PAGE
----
Schuler contacted the family five years later after seeing their name on a list of potential patrons of the archive. Again, Kurt Himmelman referred Schuler to the mysterious uncle in Munich. Schuler, at his own expense, traveled to Munich in the summer of 1967. After 2 days searching through city records, he was at the doorstep of the uncle and the much-rumored Die Brucke photo collection.

There he met Jon Himmelman's niece, Anna Himmelman Martinson, daughter of the mystery uncle who, he now learned had died seven years earlier at the age of seventy-one. Schuler's quest was not in vain. After explaining his visit and the background of his search, Anna presented him with six photographs from the Jon Himmelman trunk(now in archive storage). The photos, she explained were the only ones given to her father along with two Kirchner woodcuts. The woodcuts were to stay in the family collection but the photos could go to the National Archive. Schuler left Munich with mixed feelings. Three of the photos were of costumed members of the Die Brucke during a social event. Two of the costumes matched those from the trunk which now became a valuble historical find for Schuler. Two of the remaining photos were out of focus, and the last was a gimmicky studio shot of Kirchner and Himmelman preparing an exhibition. But what bothered Schuler most was the fact that when he contacted Kurt Himmelman for the second time, back in 1964, he was again given the Munich uncle as a contact for any museum donations. But in 1964, the uncle had already been dead for three years. Schuler was greatly insulted at being lied to and concluded that the younger Himmelman probably sold off the bulk of the elusive photographs to private collectors for his own gain. This would be consistent with the previous rumors concerning his father and his curious rise in financial well-being in the late 1920's. Enough so that he could move his entire family to a villa outside Geneva Switzerland for a period of fourteen years(1931-1946). The vague story (according to Schuler) centered around Jon Himmelman secretly staeling paintings from members of Die Brucke, notably Mueller, Heckel and Kirchner while he was cleaning the studio at night. This was rumored to have gone on for some four years, between 1909 and 1913. He was to have sold these during the next thirty years following the deaths of each of the artists.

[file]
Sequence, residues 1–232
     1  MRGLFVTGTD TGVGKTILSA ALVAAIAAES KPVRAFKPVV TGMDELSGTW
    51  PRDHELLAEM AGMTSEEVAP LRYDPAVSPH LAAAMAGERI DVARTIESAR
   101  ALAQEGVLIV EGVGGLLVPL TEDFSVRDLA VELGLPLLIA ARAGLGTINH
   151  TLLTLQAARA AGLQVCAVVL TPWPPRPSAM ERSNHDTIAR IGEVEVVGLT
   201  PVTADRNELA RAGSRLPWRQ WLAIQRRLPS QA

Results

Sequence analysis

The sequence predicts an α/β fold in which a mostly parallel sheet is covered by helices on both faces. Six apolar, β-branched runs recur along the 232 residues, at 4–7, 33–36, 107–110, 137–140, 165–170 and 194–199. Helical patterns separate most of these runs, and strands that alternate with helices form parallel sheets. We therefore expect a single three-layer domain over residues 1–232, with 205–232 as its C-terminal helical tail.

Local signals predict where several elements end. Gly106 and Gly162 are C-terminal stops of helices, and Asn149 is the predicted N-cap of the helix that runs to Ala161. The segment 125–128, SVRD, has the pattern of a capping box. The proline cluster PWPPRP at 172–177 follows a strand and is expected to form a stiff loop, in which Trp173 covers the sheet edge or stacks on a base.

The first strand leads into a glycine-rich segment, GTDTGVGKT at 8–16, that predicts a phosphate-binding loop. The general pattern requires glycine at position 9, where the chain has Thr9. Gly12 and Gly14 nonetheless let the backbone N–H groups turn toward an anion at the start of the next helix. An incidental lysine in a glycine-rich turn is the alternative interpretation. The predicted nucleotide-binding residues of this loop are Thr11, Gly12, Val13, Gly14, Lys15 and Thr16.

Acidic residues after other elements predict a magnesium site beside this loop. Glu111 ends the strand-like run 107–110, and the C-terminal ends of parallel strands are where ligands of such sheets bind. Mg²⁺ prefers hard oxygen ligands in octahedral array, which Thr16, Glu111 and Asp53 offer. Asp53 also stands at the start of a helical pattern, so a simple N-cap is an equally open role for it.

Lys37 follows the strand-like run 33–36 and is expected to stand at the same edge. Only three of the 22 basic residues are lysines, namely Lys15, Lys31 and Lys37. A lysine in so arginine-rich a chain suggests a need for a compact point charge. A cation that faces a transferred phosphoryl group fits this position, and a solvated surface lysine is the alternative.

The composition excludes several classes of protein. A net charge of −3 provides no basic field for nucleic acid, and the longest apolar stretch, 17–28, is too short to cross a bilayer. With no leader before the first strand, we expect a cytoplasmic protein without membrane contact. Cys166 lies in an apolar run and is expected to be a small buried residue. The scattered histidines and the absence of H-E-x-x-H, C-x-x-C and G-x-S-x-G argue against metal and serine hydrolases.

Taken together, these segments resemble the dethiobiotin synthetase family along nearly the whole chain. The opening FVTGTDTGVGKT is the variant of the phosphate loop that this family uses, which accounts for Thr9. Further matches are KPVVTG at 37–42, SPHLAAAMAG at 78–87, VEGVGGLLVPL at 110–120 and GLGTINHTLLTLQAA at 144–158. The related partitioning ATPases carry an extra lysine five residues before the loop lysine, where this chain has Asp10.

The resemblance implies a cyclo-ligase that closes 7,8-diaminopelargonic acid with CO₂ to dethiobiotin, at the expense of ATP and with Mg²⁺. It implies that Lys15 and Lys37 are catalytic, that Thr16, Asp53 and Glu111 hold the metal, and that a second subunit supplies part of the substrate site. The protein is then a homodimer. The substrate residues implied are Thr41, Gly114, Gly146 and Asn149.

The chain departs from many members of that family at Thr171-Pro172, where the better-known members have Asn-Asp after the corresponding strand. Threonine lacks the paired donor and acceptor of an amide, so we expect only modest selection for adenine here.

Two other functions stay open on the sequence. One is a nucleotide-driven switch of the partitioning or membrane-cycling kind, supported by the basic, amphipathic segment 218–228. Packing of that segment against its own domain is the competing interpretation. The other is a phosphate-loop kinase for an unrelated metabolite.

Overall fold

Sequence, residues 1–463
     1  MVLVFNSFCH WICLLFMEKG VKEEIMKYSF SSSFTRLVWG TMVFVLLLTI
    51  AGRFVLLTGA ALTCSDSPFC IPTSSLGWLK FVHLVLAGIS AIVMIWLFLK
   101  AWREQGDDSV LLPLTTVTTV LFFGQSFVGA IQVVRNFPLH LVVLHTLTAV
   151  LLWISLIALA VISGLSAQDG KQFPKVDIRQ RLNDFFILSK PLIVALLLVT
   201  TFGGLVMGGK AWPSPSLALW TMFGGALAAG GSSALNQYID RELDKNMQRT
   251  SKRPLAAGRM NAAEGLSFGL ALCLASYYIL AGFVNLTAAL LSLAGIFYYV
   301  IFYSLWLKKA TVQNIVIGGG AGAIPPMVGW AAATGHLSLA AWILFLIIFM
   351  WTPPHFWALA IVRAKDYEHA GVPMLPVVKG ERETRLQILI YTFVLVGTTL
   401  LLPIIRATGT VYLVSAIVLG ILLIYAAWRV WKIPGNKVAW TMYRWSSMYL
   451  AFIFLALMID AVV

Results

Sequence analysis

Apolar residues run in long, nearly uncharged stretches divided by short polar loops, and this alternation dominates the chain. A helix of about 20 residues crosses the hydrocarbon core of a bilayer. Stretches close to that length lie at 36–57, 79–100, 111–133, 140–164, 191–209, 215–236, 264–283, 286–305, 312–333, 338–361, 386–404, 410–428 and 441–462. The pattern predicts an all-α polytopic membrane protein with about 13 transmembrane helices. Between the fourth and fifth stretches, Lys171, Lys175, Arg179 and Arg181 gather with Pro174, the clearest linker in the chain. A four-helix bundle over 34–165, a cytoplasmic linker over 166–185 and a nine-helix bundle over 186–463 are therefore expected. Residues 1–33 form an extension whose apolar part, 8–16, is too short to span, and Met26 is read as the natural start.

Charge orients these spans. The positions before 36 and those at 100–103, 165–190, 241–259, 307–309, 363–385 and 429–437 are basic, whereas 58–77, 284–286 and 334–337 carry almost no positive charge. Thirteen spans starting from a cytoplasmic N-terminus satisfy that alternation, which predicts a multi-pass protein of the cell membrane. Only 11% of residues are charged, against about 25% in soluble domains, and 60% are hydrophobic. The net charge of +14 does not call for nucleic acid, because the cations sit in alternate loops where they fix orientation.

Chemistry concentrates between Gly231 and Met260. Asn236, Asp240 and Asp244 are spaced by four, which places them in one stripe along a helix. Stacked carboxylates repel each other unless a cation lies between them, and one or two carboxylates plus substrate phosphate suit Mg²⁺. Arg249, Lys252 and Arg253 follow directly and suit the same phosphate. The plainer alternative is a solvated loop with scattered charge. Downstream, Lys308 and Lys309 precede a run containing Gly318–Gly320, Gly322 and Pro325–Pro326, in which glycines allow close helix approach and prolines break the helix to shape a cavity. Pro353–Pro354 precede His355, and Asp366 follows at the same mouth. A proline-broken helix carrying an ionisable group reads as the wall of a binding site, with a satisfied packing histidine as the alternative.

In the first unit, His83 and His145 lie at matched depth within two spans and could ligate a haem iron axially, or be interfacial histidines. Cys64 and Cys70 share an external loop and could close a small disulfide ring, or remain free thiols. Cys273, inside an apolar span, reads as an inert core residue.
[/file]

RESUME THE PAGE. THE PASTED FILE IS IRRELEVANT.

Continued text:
After what seemed like more than a cordial moment of silence, and becoming slightly anxious about the time, I returned to my original inquiry; where can I see the shoe? Schuler seemed annoyed at my impatience and said that I should call on Anna Himmelman, 'she has everything'. I mentioned that my travel would not take me to Munich. Schuler noted that I could find her in an Elderhaus in Berlin. The address was in the telephone directory.